The truth is absolute

Absolute Truth - Myth?

Table of Contents

1 Introduction

2 Objective and Subjective Truth Theories
2.1 Subjective theories of truth
2.2 Objective Truth Theory
2.2.1 Correspondence Theory
2.2.2 Trivial and Complex Views of Truth

3 Trivial View of Truth
3.1 Reality in the trivial view of truth

4 Complex View of Truth
4.1 Semantic Truth Theory - A Partial Definition of Truth
4.2 Approach to Truth

5 conclusion



1 Introduction

"‘ Truth ‘is an extraordinary and perhaps even a very unique term."[1]. The attempt to define it was already firmly anchored in ancient times. Over the next centuries of philosophical and scientific history, more and more theorists have grappled with the concept and the search for a perfect, absolute truth. With articles that were constantly being published, new denotations and connotations were assigned to her on the level of meaning, which make the concept of truth appear ever more complex. Janich wrote: “The difficulty in discussing the question of the truth is by no means that there are no answers; it is rather that there are far too many answers. "[2].

In order to work scientifically with the concept of truth, one must first clearly explain the context in which it has already been used by other researchers. Tarski put it this way: "In the works and discussions of the philosophers we encounter very different conceptions of truth and falsehood, and we have to indicate which should be the basis of our discussion."[3]. Therefore, in my work here, I will present the classifications of truth elaborated by different theorists. On the basis of the correspondence theory of truth, I will try to design a classification of truth that has as a criterion the inclusion or exclusion of the human view. The classification should make the complexity of the concept of truth, which has to be considered in relation to human perception, language and reality, appear more clearly. In the following I will also give examples that show how the philosophers Karl Raimund Popper and Alfred Tarski dealt with this complexity.

What follows in the first chapter of the main part is the division into objective and subjective theories of truth, which are known in the philosophical discourse. I will explain why I will not take the subjective theories of truth into account in my further procedure.

2 Objective and Subjective Truth Theories

The first distinction that can be made between the many theories of truth is the one that was explicitly described by Popper in particular. It is the juxtaposition of objective and subjective theories of truth[4].

2.1 Subjective theories of truth

The subjective theories include the self-evidence theory, the indubitable theory, the theory of clear and distinct perception, the coherence theory, the pragmatic theory, the verifiability theory and the consensus theory[5]. "They are subjective in the sense that they all proceed from the fundamentally subjectivist position, which knowledge can only grasp as a special kind of mental state, as a disposition or a special kind of belief [...]."[6].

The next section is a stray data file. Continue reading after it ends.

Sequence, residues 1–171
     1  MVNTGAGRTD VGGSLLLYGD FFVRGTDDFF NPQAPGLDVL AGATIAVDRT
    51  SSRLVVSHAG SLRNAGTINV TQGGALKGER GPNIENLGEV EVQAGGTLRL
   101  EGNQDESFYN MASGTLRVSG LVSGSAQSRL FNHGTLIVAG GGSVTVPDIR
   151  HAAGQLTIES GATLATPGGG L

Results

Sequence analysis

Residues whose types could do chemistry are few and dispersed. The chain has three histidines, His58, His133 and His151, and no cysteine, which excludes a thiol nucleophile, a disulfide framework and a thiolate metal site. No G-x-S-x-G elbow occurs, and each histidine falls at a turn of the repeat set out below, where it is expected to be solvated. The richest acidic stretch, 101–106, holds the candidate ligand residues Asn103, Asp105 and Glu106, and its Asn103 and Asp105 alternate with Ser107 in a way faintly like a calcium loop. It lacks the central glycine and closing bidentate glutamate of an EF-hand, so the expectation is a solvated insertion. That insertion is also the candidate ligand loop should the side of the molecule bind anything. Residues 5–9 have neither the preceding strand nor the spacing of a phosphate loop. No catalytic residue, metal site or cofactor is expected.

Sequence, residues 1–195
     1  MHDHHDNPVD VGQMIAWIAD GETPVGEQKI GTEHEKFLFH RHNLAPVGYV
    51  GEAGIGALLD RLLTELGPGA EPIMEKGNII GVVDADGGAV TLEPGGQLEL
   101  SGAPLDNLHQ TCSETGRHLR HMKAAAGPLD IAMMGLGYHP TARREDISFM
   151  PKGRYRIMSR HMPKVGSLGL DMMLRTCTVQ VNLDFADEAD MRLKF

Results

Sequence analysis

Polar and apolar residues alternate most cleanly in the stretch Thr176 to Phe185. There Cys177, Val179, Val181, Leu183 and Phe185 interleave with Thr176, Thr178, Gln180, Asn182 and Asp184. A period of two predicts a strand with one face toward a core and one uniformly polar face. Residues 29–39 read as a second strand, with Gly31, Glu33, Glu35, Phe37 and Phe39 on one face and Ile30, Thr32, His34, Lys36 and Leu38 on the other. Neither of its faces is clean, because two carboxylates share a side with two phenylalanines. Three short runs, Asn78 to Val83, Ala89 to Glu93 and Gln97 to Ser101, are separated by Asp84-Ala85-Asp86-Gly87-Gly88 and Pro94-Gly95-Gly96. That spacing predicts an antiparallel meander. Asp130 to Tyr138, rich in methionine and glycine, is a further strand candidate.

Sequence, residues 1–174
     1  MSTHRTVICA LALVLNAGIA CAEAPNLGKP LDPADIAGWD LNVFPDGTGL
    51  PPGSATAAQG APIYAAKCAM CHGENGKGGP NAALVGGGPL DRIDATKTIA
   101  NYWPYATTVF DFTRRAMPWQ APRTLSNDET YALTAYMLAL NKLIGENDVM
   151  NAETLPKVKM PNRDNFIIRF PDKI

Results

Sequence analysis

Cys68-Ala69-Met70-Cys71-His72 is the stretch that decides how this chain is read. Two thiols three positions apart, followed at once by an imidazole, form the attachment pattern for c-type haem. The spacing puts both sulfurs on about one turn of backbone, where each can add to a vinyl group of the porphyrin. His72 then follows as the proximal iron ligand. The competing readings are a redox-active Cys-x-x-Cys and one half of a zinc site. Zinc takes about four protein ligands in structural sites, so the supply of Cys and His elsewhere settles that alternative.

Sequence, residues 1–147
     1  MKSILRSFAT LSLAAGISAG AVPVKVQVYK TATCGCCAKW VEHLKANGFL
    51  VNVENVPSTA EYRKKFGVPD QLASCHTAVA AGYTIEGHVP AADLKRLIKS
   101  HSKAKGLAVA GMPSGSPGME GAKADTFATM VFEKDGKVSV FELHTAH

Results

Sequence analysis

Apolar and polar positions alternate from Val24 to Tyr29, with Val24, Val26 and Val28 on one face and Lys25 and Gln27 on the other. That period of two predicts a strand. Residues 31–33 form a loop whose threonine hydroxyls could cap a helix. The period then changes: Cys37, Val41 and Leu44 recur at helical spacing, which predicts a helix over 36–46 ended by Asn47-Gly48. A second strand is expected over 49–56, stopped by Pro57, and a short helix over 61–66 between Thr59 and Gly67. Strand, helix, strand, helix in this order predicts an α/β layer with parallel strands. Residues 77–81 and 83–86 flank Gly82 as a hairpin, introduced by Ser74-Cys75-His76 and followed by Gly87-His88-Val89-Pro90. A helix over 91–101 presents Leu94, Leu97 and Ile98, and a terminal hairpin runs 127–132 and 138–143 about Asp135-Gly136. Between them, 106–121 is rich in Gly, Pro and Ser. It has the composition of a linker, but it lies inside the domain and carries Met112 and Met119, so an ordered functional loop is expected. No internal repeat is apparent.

The definition of the subjective theories of truth summarized by Popper implies that they cannot be considered absolute. "Another objection to subjective truth theories is that they all lead to relativism"[7] and accordingly "[...] are irrefutable (in the sense that they can all too easily evade criticism)."[8]. That's why you can, according to Popper's philosophy of science[9]to count among the theories of pseudoscience. For these reasons, the subjective theories of truth have no potential for improvement and therefore I will not take them into account in my further considerations.

2.2 Objective Truth Theory

With the objective theory of truth Popper means the classical theory of truth, i.e. the correspondence theory. It goes back to Aristotle, who was the first to write it. After him, it has found numerous followers, by whom it has been permanently reformulated, re-explained and brought into new contexts. The most influential modification of correspondence theory was the linguistic theories that I will cover in my paper. First I explain the correspondence theory itself.

2.2.1 Correspondence Theory

Many formulations of correspondence theory can be found in the literature. One of them is:

Truth = correspondence between knowledge and reality[10]

This equation is at the same time a formula in which the truth depends on two quantities: 'knowledge' and 'reality'. Here, 'knowledge' is one variablebecause it changes with every human view. It is different with “reality”. Based on the questions that Musgrave dealt with[11], can 'reality' on the one hand constant stay if they are viewed as “the world-in-itself” (in other words, “the world-as-it-is-independent-of-our-linguistic-or-conceptual-schema”). On the other hand, it can do one variable if it were to be introduced as "the world-as-we-put-it-in-categories".


[1] Franzen (1982): 14.

[2] Janich (1996): 15.

[3] Tarski (1972): 57.

[4] See Popper (1994): 332.

[5] See Musgrave (1993): 253-254.

[6] Popper (1994): 328.

[7] Musgrave (1993): 257.

[8] Popper (1994): p. 331.

[9] See Popper (1998).

[10] See Franzen (1982): 35.

[11] “Is it really the world that we succeed in talking about, the world-in-itself, the world-as-it-is-independent-of-our-linguistic-or-conceptual-schema? Or is it not rather the world-as-it-is-fasted-by-us-in-categories? "Musgrave (1993): p.269.

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